When I arrive at the “Gente Grande” school, Kellen, one of the teachers, takes me into a classroom where about 20 kids are following the lesson. Among them, there is a 14-year-old girl with her daughter in her arms, asleep at one of the desks. I ask them to describe their neighborhood in one word. Stefania, with an oval face, gentle eyes and long black hair, is the first to stand up and break the ice: fudido (“fucked up”), she says, loudly and angrily. That’s my introduction to the Colônia Antônio Aleixo neighborhood.
This is a district on the outskirts of Manaus, an hour’s drive from the center, consisting of clumps of houses on stilts near the river, dusty unpaved streets, whole blocks of houses built next to each other on the clay soil, and lush, green forest vegetation all around. It was built during the Getúlio Vargas military dictatorship in 1930 to house leprosy patients, and later became a no man’s land of the marginalized.
There is child labor, prostitution, drug dealing, chronically unemployed people who live on welfare and children who sell sweets and popsicles in the streets, as many of their mothers are involved in drug trafficking and don’t look after them. The oldest daughters are forced to prostitute themselves to raise their little siblings. They start at 8 or 10 years old, their clients being old bachelors looking for girls who sell themselves for 5 reais, just over €2. They take them into the forest in the dark, like monsters from fairy tales.
The children at the school are living with a specter constantly haunting them: fear. They’re afraid to go out on the streets and afraid to stay at home with those who gave birth to them and raised them, drunk and short-tempered adults who only return home at dawn. Most of them have been the victims of sexual violence.
Stefania knows that fear very well. Many of her friends ran away from home. One of them was being abused by her mother’s boyfriend. Another was attacked by five unknown men, raped and murdered in the woods. She’s ashamed to tell the story and lowers her eyes.
To escape from that fear, to find a moment of solace, some of them have agreed to get off the streets and enroll in the “Gente Grande” project, where social educators are teaching them the basics of civil society, how to take care of themselves, to respect others and to get educated. Many have already found jobs. That’s Stefania’s great hope as well, to be able to help her unemployed and lost parents. Her eyes sparkle as she tells us about it, and she can hardly keep her composure: “In spite of everything, I want to stay here, to improve this neighborhood and help people,” she says, excited, swallowing her tears.
Maria Eduarda is a very self-aware girl as well. Her parents are separated, and she can’t even remember what her dad looks like, as she hasn’t seen him for so many years. “At first I was very traumatized, I couldn’t stand anyone,” she confesses. “I know kids who go to the center of Manaus to clean windows at traffic lights or juggle to get money to buy drugs, and there is so much bullying in the district.” The violence pushes many young people to suicide. “A year ago, a girl I knew hanged herself with a rope, and she filmed everything with her phone as she died.”
Gisell, one of the teachers, knows these disadvantaged kids very well. “In the morning, many arrive sleepy and still foggy headed. They smoke marijuana and snort cocaine. In their world, drugs are the only way up, the only way to make money and get social recognition.”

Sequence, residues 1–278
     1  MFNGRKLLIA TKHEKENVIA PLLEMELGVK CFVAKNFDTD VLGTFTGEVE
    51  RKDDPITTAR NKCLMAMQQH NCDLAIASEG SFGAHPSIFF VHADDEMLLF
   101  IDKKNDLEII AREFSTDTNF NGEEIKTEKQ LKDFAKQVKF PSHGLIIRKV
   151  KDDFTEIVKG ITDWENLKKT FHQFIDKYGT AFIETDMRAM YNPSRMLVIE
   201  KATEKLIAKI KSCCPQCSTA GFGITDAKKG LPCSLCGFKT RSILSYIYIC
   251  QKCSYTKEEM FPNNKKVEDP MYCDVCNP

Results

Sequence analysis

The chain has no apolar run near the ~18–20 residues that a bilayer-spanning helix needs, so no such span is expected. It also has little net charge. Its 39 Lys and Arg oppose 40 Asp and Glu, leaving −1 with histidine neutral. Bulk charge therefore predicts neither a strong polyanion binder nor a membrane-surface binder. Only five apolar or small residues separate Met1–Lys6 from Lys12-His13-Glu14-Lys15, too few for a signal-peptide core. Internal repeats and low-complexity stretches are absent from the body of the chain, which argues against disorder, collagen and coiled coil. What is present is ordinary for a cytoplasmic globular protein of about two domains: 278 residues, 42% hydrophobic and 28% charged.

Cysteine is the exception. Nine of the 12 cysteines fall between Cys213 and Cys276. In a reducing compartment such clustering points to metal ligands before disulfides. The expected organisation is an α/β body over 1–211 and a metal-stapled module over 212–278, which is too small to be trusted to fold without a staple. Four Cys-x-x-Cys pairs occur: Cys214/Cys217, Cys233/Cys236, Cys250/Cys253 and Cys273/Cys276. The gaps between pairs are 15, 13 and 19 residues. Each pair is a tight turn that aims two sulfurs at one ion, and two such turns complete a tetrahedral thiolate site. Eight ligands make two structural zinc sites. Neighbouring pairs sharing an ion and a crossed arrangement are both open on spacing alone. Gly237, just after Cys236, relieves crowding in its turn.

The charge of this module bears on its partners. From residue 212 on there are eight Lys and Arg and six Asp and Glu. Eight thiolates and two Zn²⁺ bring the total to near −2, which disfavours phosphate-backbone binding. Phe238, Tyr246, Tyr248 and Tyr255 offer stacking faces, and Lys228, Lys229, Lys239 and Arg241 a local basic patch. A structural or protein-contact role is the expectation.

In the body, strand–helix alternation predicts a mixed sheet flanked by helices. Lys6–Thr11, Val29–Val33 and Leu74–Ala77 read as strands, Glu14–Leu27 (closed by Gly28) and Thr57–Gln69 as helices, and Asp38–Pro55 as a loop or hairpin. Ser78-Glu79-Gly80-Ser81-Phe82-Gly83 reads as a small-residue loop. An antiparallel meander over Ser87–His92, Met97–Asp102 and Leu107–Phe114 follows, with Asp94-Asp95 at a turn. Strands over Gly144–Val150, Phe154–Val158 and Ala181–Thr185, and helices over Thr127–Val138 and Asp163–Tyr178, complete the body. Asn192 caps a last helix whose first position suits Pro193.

Gilson is a young boy, short and with a dark complexion, with short hair, a slender build and a tired smile which life’s hardships have not quite managed to erase. He tells me that just the day before, the police arrested two of his friends. They had offered him the opportunity to become a drug dealer like them, but he had always refused. “They sell drugs, collect the money, then on Fridays they go to bars to drink alcohol and snort cocaine in the toilets.”
In his peer group, only four kids out of 20 don’t do drugs. They play soccer together on the field. Gilson is a forward with a powerful left kick, and his dream is to go to Paris and meet Neymar, the number 10 on the Brazil national team. “On every street, there’s a ‘smoke alley’ where the dealing takes place,” he says. The boys go around with guns, small sawed-off shotguns. A few days ago, two guys he knows killed a policeman: “they shot and hit him in the side.” Now, they’re on the run, living in a different squat every night, but people are looking for them.
Two months ago, he lost his brother to a drug overdose. He saw him fall to the ground, gasping and foaming at the mouth. Just a few days earlier, he’d also lost his father, himself a drug dealer, shot by the police. He tells the story in a low voice, his eyes restless but resigned: they were chasing him and he used the body of a girl as a human shield, but in the end they shot him execution-style.
Here, you’re not allowed to make mistakes. It is an unwritten rule among the dealers that anyone who steals is brutally tortured, or killed outright.
Walking through the neighborhood, I begin to understand the meaning of that word, fudido. I’m on a street they call “Cruel Street,” where outsiders are not usually allowed to go, but Kellen is able to open every door for me here. Everyone trusts him, as he has been approaching kids for years now, talking to the boys at the traffic lights and convincing them to enroll at the school. “To see these kids being transformed is the fulfilment of my life as a Christian,” he says.
Cruel Street is short, and ends near the forest. People are giving us grim, hostile looks from the houses. Only Barbara, a 14-year old girl with a tattoo of an owl on her arm, with the thin, delicate body of a child and the graceless mannerisms of an old lady of the night, tries to smile alluringly. She has been prostituting herself since she was 11 years old, in the forest, with men of all ages. Halfway down the street, there is a playroom, where Mara is doing prevention work, trying to keep the kids out of trouble by telling them stories. “The girls sell themselves for 5 reais. One of them died of an overdose recently. They are on the streets for many hours, and they take drugs to stay awake,” she says.